Similarly, Nasr Shammout, founder of Khodarji in Jordan, believes that his business model is better than that of traditional supermarkets, because it’s not in the favor of the latter to advertise their prices, as they might lose customers who comparison-shop. Nasr also believes that products in this model should be cheaper that those in regular stores because delivery costs are cheaper than the operational costs of keeping an offline store running.
Shammout doesn’t believe that the Jordanian market is mature enough to drive this sector yet, because customers still prefer to physically check the products before they buy, and because Jordan doesn’t suffer from gridlock the way the UAE does. This is why Shammout intends to open a branch in Dubai soon.
However, even in the UAE, Durm faces the same problem. Many prefer to go to the store to ensure the quality of the products that they are getting. However, instead of fighting this way of thinking, Durm has decided to adapt. His company now offers grocery on the move, where a truck loaded with products parks in a certain region to allow passersby to pick their products. Furthermore, Durm will launch an offer in about two weeks that enables buyers to receive their products directly from the warehouse after they order them online for a 7% discount so that they check for quality themselves.
Companies that fall under this category offer a service rather than the products offered in the two other models. The online platform is more like an online mall that displays different stores from which shoppers take their pick, after which the selected store provides the products ordered. These companies include Next Mart, which will soon launch in Dubai, and Awfar Market in Egypt.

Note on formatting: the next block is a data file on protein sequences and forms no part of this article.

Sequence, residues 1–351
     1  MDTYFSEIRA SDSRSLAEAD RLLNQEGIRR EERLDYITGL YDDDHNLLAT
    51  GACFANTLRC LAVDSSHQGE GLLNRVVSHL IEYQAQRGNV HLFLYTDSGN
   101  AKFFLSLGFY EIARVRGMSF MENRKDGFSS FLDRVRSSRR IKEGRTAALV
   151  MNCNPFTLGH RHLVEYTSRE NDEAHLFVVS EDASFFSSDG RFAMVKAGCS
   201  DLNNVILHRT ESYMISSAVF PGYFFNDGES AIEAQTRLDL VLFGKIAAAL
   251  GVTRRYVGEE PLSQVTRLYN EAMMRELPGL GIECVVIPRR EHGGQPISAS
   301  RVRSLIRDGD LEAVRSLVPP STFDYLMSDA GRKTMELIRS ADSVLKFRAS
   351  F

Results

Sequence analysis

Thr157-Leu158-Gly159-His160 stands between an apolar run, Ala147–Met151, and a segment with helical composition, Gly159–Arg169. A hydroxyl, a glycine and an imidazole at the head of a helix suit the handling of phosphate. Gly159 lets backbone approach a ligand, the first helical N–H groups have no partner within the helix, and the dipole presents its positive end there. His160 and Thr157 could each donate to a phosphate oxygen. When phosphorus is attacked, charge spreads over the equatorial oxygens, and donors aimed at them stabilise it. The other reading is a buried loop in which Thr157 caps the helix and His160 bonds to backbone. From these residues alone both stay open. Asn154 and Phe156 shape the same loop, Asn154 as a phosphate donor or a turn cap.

Next Mart has come up with a process that helps it avoid the delays that occur as a result of traffic jams, by displaying the stores on the website by proximity to the shopper, to allow customers to order products from the nearest store and receive them as fast as possible.
Delivery service details differ from one company to another. For instance, some can have their own delivery team as with Awfar Market, or can have each store send its own delivery staff, similar to Next Mart. In the second case, the company is only responsible for the online aspect and mediation between the two parties.
The Sector’s Future in the Region
Despite the pros of online shopping over ordering products by phone, such as seeing the products and ordering them accurately (by not mishearing the order), phone orders still have a grip on the sector. Nasr says he receives many orders over the phone. Similarly, Durm says that he receives most of the orders through conventional channels, with online ordering only accounting for 30%. The reason shoppers still use conventional channels rather than going online may be due to a lack of marketing, electronic illiteracy, and cultural traditions.
“We don’t only work online,” says Durm, “because if we limit our orders to that, there’s a big chance we might fail. Despite the growth of the sector, the online market is still not very mature. However, online orders are constantly increasing; they rose over the last year by 40 to 50%.” As for the future of traditional grocery stores, Durm believes that “they will not vanish as the sector develops, because they cannot be replaced. Of course there will be many more online grocery stores than there are today; but traditional grocery stores will not disappear.”